·  unsafe patient care

·  unsafe working conditions

·  inadequate induction or training for staff

·  lack of, or poor, response to a reported patient safety incident

·  suspicions of fraud (which can also be reported to our local counter-fraud team [insert contact details])

·  a bullying culture (across a team or organisation rather than individual instances of bullying).”

Crucially, the NHS national whistleblowing policy urges staff to err on the side of caution and to raise concerns even if they are not sure if the concern is proven:

“Remember that if you are a healthcare professional you may have a professional duty to report a concern. If in doubt, please raise it. Don’t wait for proof. We would like you to raise the matter while it is still a concern. It doesn’t matter if you turn out to be mistaken as long as you are genuinely troubled.”

The NHSI 2016 national policy was replaced in 2022 with the NHS England version:

Freedom To Speak Up policy for the NHS V2 June 2022

This did not even specify what sort of concerns NHS workers could or should raise. Instead, this replacement policy states in bold letters:

“This policy is for all workers and we want to hear all our workers’ concerns”

All concerns? Remarkable.

But at the very end of the 2022 policy there is an appendix B which states:

“Making a ‘protected disclosure’

A protected disclosure is defined in the Public Interest Disclosure Act 1998. This legislation allows certain categories of worker to lodge a claim for compensation with an employment tribunal if they suffer as a result of speaking up. The legislation is complex and to qualify for protection under it, very specific criteria must be met in relation to who is speaking up, about what and to whom. To help you consider whether you might meet these criteria, please seek independent advice from Protect or a legal representative.”

Why is this caveat in the small print, especially after urging the workforce to spill all?

Another example of an expansive policy is NHS England’s external whistleblowing policy which says:

“Whistleblowing does not apply to personal grievances, including employment issues, which should be dealt with through internal organisational policies. It would generally be applied to:

• Concerns about unsafe patient care;

• Poor clinical practice or other malpractice which may harm patients;

• Failure to safeguard patients;

• Maladministration of medications;

• Untrained staff;

• Unsafe working conditions

• Lack of policies;

• A bullying culture;

• Staff who are unwell or stressed and not seeking help.

These types of concerns are sometimes referred to as ‘Protected Disclosures’ under the Public Interest Disclosure Act 1998.”

This would seem a reasonable list to most health service workers, who can appreciate that these are all matters which could affect the health and safety of patients.

But in the parallel world of litigation, it is far from straightforward, as I will discuss below.

NHS England’s contention that raising a concern about tampering with medical records is not whistleblowing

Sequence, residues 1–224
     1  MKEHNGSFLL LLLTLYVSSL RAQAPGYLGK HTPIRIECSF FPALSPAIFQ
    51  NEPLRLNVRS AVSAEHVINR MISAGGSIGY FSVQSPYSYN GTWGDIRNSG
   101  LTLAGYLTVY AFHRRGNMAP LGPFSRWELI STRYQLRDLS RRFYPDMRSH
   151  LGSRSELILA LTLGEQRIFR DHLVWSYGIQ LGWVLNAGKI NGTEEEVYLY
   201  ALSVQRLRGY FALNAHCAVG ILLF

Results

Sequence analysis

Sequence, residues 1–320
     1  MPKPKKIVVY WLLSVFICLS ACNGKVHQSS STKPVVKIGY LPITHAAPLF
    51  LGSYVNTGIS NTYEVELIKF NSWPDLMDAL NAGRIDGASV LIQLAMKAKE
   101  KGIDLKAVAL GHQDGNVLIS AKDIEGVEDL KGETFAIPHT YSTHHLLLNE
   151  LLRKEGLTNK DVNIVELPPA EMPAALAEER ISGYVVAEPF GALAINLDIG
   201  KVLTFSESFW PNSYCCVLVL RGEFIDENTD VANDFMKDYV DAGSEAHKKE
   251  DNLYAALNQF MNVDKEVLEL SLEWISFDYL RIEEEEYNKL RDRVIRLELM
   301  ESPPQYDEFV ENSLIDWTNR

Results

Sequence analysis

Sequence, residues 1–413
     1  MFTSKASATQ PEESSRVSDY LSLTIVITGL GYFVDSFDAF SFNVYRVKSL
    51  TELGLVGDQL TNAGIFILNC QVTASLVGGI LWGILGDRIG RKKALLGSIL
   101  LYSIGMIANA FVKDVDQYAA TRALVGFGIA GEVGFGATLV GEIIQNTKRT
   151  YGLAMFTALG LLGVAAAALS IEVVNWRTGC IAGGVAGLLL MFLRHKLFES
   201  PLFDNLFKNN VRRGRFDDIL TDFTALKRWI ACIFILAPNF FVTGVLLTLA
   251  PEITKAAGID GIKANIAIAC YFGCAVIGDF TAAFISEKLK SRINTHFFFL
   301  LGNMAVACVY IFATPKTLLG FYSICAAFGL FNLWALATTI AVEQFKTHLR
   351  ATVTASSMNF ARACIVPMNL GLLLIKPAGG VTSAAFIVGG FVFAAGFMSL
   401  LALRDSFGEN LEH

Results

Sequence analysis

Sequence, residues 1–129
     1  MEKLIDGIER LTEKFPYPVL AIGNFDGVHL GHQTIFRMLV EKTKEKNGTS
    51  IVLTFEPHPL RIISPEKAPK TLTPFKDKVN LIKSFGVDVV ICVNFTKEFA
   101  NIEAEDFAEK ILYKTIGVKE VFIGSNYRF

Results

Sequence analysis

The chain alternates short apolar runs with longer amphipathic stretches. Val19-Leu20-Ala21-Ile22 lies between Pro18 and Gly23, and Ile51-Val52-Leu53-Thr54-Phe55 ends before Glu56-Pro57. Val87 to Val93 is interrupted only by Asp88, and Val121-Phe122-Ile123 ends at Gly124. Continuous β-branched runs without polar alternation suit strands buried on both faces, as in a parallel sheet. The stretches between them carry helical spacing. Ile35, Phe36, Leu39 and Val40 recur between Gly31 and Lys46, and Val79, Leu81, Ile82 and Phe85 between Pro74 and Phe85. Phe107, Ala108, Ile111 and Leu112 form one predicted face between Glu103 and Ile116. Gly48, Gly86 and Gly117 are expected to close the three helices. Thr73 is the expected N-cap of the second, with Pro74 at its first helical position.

An ongoing employment tribunal against NHS England (or more specifically, the Healthcare Investigation Branch which is located within NHS England but overseen by NHS England and subject to its HR and governance systems), which I am currently observing, demonstrates how bewildering litigation can be for whistleblowers.

An experienced worker made a disclosure about unauthorised alterations of medical records.

To all healthcare professionals, this is an issue that sets off huge alarm bells on probity, patient safety, culture, safeguarding and a good many other matters.

But NHS England’s barrister questioned whether the matter amounted to a qualifying disclosure under whistleblowing law.

I struggle to see how a concern about tampering with medical records is not a health and safety issue.

Tampering with records may be done to cover up a care failure, which would fall under both the health and safety and concealment provisions of Section 43B PIDA.

Tampering with health records to cover up is so serious that it gets healthcare professionals struck off.

It prevents learning from serious incidents, may allow unsafe practitioners to continue harming patients and impacts on trust in healthcare workers, which is an important part of safe care at a public health level.

Coroners have periodically flagged falsification of medical records as matters of concern in their statutory Reports to Prevent Future Deaths, reinforcing the relationship between medical records integrity and patient safety.

Tampering with health records can also be a breach of legal obligations, and a crime in certain circumstances.

Knowingly misleading an investigation by the Healthcare Safety Investigation Branch is a crime,  so supplying doctored medical records to HSIB would seem to raise an issue that falls within PIDA.

Tampering with health records impacts on patients’ rights to seek legal redress for care failures and it can potentially obstruct regulatory activities and statutory Health and Safety provisions.

In Scotland, the Independent National Whistleblowing Officer, who is part of the Scottish Public Services Ombudsman’s Office, gives advice that whistleblowing in the NHS can include falsification:

“Risks can relate to a wrongdoing, patient safety or malpractice which the organisation oversees or is responsible or accountable for. In a health setting, these concerns could include, for example:

  • patient-safety issues
  • patient-care issues
  • poor practice
  • unsafe working conditions
  • fraud (theft, corruption, bribery or embezzlement)
  • changing or falsifying information about performance
  • breaking any legal obligation
  • abusing authority
  • deliberately trying to cover up any of the above.”

Care Quality Commission Regulation 17 requires care providers to ensure the integrity of care records: